Role Playing Game (2015). Wordplay Games. Written by Paul Mitchener, based on the Wordplay game system by Graham Spearing.
Small Press Horror in SF roleplaying game that mines the transition of the gritty, pessimistic tenor (see Optimism and Pessimism) of the UK-specific Scientific Romance to the mainstream of Television and Cinema in the wake of World War Two.
Giant, beetle-like Aliens dubbed "Scarabs" destroy earth's twelve most populous Cities in the autumn of 1951, fortifying the impact of their Invasion by use of superior Weapons and Technology to bring much of humanity into conditions of Slavery. As with the invaders from Mars in H G Wells's War of the Worlds (April-December 1897 Pearson's; 1898), the Scarabs have been observing the planet for some time, and have scheduled their arrival to occur at precisely the point between planetary depletion from War and developments in Nuclear Energy. Nigel Kneale-scripted dramas such as The Quatermass Experiment (18 July-22 August 1953 6 episodes) and Quatermass and the Pit (1968; vt Five Million Years to Earth) direct Starfall's comprehension of the thematic link between humanity's predisposition to fascistic behaviour [see "Nigel Kneale and Fascism" under links below] and the suitability of planet earth as a target for the Colonization of Other Worlds.
The game has a traditional set-up, with a Gamemaster and each of the other players controlling a particular character in an emergent narrative. Characters are assumed to be working for the Alliance Earth Organisation (AEO) and may pursue any one of five professions: Intelligence Agent, Official, Resistance Fighter, Scientist and Soldier; a scientist might easily become a Mad Scientist by picking the Trait "Scarab Technology" and failing to withstand the effects on their sanity. A player's hand of six-sided dice starts with a foundation Trait – "Obsessed Scientist" for six dice, say – and may be supported by one third of the dice in two supporting Traits, rounded down. In this case, "Physics" at five dice might add one more die, and "Fascinated by Scarab Technology" at three dice another. A single player may assist the player making the roll by adding one third of their dice in a single Trait. The pool of eight dice in this example could, for instance, be augmented by someone adding a die from their Trait "Eye for Detail" at three dice. Bonuses for equipment, such as "Electron Microscope" at two dice, can be added in their entirety, here granting an overall pool of eleven dice with which to attempt the task.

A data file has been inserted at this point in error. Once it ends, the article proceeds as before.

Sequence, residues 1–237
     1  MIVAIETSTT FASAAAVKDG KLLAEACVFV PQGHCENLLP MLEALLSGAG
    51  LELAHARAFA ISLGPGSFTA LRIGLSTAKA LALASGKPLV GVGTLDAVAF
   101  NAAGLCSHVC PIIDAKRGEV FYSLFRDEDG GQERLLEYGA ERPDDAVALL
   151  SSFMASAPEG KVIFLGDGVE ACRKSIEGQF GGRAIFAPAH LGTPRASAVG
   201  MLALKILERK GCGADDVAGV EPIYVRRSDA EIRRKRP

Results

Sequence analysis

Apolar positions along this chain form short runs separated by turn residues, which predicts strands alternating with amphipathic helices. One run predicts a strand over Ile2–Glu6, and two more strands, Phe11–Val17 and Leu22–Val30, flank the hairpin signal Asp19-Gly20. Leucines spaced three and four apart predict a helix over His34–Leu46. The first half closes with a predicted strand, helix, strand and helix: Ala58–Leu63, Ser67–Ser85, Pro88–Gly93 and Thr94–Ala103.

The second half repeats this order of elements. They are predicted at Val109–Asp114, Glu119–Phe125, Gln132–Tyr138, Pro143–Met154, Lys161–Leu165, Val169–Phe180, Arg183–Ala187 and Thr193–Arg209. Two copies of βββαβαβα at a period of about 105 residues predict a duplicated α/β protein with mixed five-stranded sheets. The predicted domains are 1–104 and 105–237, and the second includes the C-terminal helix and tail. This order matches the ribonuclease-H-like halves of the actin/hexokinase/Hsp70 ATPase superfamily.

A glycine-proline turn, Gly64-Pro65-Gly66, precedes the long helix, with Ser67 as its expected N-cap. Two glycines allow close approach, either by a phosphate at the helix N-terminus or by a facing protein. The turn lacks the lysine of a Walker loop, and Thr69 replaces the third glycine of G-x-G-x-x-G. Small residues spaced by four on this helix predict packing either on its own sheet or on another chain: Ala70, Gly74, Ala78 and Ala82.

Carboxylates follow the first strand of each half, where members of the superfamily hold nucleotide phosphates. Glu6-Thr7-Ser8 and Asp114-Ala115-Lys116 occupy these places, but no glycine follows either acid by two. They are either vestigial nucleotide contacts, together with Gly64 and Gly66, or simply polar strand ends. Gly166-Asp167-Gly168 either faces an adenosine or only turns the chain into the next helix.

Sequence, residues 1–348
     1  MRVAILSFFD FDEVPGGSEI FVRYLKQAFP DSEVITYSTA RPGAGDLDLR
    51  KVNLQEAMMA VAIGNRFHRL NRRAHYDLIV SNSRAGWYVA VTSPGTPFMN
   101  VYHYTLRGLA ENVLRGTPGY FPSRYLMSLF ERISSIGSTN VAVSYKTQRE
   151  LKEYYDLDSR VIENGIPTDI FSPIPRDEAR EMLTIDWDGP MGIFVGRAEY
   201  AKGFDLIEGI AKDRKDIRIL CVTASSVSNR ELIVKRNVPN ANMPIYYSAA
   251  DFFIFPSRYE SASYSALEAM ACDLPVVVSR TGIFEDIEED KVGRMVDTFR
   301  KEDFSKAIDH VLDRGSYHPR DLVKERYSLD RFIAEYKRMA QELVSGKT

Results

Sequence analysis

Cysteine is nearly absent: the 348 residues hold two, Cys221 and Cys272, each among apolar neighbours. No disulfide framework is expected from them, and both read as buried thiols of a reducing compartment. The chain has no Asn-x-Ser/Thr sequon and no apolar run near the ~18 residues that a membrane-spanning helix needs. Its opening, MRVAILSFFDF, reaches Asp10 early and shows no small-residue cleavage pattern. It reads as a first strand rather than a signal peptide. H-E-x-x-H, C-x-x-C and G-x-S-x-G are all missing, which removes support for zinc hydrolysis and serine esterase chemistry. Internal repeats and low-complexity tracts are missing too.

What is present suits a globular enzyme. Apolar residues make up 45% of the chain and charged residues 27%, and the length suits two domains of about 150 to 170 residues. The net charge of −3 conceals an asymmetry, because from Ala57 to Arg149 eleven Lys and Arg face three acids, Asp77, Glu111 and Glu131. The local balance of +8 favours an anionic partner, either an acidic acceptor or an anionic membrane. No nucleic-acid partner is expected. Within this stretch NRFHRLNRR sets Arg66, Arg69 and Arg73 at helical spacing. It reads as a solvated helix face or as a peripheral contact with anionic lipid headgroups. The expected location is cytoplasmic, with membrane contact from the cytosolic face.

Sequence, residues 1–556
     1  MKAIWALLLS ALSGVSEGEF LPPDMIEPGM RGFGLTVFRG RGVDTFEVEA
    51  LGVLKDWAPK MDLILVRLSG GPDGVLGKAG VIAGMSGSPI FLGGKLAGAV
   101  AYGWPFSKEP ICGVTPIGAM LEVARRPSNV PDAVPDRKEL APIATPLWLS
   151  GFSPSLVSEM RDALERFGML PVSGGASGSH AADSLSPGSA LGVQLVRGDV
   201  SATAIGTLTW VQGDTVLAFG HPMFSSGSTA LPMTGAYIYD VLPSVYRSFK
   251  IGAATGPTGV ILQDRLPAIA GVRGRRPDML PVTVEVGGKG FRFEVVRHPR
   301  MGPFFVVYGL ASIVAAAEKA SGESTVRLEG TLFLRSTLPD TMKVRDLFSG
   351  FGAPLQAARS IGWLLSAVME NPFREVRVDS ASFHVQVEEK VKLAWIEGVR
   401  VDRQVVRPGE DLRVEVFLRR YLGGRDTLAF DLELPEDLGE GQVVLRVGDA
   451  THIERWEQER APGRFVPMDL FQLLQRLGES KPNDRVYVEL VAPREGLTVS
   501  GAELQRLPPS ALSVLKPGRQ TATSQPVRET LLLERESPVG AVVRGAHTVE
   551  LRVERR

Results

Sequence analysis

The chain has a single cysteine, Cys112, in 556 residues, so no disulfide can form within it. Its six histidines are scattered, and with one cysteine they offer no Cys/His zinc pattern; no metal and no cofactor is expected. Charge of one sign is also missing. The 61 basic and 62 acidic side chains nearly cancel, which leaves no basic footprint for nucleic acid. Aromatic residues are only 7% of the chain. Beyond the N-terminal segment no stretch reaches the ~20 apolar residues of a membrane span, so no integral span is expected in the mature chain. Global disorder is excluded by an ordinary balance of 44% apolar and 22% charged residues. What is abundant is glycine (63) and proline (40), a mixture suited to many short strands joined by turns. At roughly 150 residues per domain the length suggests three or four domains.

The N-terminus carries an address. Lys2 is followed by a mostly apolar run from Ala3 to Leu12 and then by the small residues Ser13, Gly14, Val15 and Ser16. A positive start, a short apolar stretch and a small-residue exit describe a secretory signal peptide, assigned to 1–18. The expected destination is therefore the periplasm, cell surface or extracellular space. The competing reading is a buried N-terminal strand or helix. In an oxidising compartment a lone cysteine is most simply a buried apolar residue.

Each die showing four or five counts as one success, while each result of six counts as two successes. These are rolled against a pool of dice set by the difficulty of the task, or by an opponent's own combination of Traits. This makes for a fair bit of adding and subtracting but allows players to come up with creative ways to include their Traits. Margins of victory in roll-offs between players and opponents might affect the difficulty of the next roll, or result in a damage Trait that removes a number of dice from the relevant category of Mind, Body or Soul, or even (at a difference of seven successes) be enough to permanently remove a character from play.
The book includes some crisp and well-researched observations on the Politics and Sociology of 1950s Britain, a gazetteer of the effects of the Scarab invasion on the world, and two chapters on the ways in which Scarab Biology and behaviour reflects and is different from human and animal life on earth. Where Forgotten Futures (1993) used an understanding of the form of the scientific romance to depict a series of Alternate Histories – Starfall, like Forgotten Futures, uses categories of Mind, Body and Spirit to divide its traits – and Ashen Stars (2011) the form of the television mystery procedural to direct the narrative agency of its Space Opera, Starfall combines historical accuracy and Hard SF to deliver realistic stories about a particular time and place. Visual design by Stephanie McAlea and atmospheric Illustrations by Jonny Gray are of a standard above many Independent Games, but it is the way in which Starfall combines evolutionary perspective with an attitude different from that of the Pulp-magazine-derived Heroes and Villains of Genre SF that helps the game deliver on the distinction of its premise. [MD]